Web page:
It is universally recognised that a brand that keeps good security measures in place is able to enjoy a better share of market confidence than one that publicly fails to manage the data it holds effectively.
While this may be an obvious marketing benefit of being seen to be conscientious in managing digital security, the financial effects can also be substantial.
Some firms may baulk at the prospect of ethical hacking – having a team of specialists delve into a system from the outside could seem counter-intuitive.
However, the benefits of this sort of activity are also quite weighty, as the trained professionals can uncover blind spots and security gaps before they are ever made public.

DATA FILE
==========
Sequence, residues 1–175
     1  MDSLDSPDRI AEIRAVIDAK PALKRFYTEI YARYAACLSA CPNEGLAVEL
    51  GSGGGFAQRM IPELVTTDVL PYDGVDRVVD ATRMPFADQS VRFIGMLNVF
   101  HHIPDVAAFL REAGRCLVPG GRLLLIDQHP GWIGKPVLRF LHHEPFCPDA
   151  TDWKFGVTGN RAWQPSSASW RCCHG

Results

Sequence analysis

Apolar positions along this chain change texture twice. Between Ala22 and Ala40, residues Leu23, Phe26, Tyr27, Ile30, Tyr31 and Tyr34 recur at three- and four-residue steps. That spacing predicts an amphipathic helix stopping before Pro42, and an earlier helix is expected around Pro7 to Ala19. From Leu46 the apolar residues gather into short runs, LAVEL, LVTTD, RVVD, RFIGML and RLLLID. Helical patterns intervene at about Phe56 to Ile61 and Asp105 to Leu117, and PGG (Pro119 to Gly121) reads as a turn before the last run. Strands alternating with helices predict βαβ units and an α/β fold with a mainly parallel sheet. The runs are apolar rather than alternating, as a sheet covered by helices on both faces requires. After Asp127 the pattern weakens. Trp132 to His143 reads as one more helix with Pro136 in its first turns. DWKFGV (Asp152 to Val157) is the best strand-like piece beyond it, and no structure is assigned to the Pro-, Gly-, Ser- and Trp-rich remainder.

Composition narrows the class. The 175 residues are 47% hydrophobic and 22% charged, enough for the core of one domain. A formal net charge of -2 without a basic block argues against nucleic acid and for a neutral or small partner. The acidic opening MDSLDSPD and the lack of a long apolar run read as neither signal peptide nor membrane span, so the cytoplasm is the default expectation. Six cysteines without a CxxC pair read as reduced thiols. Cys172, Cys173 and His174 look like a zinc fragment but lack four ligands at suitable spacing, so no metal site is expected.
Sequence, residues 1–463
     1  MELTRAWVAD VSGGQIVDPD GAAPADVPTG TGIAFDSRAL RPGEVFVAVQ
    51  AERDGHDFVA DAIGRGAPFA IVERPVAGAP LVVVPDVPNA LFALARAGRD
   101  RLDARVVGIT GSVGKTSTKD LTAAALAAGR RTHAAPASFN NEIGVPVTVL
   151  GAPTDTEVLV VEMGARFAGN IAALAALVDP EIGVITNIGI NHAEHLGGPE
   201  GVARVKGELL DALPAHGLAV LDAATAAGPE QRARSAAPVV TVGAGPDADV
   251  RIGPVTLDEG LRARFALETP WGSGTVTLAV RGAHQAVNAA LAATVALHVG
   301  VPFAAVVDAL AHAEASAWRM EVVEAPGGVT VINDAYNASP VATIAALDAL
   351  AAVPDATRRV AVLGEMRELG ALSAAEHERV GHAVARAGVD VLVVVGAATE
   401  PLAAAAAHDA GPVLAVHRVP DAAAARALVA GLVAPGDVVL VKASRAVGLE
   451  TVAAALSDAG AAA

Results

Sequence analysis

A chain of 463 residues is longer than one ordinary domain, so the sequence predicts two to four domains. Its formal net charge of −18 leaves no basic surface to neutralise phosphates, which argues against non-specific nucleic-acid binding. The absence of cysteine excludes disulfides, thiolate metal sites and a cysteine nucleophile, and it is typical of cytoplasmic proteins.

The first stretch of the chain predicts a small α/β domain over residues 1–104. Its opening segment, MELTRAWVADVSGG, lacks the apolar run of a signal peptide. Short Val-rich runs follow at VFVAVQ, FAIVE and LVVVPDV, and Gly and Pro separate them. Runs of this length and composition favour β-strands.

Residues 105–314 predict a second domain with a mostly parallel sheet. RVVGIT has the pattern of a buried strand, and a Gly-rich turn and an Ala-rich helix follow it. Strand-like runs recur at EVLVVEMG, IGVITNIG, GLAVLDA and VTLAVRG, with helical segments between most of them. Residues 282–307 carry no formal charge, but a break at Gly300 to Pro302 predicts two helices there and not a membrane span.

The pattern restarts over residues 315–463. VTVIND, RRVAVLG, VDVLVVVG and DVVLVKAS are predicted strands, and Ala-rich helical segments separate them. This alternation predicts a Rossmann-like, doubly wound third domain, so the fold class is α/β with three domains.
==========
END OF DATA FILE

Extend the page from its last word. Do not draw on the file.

This helps to demonstrate a level of corporate responsibility that goes above and beyond legislative requirements, with a proactive stance that improves public perception and client morale.
On top of this, an ethical breach audit helps to serve as an investment in security – allowing the firm to make improvements to their defences and practices before a potentially expensive situation occurs.
In this way, good online security helps to act as a sort of digital insurance that protects against future events – a practice that is always good for business.